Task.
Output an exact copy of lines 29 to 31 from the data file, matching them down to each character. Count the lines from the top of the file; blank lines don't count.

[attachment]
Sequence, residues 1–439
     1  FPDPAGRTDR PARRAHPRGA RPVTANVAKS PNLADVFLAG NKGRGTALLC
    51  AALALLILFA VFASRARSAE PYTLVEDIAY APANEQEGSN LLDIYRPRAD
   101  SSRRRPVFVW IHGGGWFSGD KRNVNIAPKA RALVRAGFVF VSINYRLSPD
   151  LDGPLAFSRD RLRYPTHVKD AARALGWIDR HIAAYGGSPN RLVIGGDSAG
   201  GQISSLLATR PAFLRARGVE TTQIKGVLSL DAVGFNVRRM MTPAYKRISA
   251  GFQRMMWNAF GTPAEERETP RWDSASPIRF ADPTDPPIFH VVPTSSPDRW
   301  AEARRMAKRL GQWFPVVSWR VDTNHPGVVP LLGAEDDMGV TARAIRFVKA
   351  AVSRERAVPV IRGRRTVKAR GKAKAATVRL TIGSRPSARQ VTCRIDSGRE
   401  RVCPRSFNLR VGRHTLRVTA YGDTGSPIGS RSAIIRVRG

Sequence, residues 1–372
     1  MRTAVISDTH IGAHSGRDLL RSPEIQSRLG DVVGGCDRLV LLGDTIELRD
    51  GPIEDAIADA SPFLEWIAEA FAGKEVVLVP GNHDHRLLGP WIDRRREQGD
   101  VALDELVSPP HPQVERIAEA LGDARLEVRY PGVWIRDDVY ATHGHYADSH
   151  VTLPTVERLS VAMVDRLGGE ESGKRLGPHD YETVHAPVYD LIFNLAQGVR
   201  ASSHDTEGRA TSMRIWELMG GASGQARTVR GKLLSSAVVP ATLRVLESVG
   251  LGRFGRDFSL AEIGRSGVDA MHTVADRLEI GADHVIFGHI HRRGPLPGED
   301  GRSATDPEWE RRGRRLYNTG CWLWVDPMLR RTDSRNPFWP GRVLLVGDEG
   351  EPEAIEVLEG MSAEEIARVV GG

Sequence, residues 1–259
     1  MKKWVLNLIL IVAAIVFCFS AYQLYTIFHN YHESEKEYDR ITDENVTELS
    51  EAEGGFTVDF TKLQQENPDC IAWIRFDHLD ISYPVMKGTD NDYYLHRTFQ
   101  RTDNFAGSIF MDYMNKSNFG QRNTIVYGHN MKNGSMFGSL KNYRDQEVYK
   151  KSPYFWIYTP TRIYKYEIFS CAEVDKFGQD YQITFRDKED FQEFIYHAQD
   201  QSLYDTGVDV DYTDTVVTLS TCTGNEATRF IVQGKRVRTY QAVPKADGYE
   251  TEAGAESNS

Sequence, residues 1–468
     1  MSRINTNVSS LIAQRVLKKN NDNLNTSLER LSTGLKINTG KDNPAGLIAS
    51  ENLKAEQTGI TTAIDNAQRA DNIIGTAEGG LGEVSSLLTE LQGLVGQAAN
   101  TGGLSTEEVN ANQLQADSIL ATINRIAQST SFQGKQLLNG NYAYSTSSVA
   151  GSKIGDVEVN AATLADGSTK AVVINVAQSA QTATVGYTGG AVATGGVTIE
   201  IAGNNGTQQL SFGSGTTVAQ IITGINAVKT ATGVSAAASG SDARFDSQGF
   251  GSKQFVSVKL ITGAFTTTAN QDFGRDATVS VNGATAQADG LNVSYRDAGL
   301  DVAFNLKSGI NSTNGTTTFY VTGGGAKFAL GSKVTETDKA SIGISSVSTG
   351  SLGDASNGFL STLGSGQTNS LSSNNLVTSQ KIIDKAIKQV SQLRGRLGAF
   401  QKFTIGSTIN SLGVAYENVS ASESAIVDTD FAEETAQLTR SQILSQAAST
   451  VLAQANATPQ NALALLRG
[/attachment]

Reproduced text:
    51  ENLKAEQTGI TTAIDNAQRA DNIIGTAEGG LGEVSSLLTE LQGLVGQAAN
   101  TGGLSTEEVN ANQLQADSIL ATINRIAQST SFQGKQLLNG NYAYSTSSVA
   151  GSKIGDVEVN AATLADGSTK AVVINVAQSA QTATVGYTGG AVATGGVTIE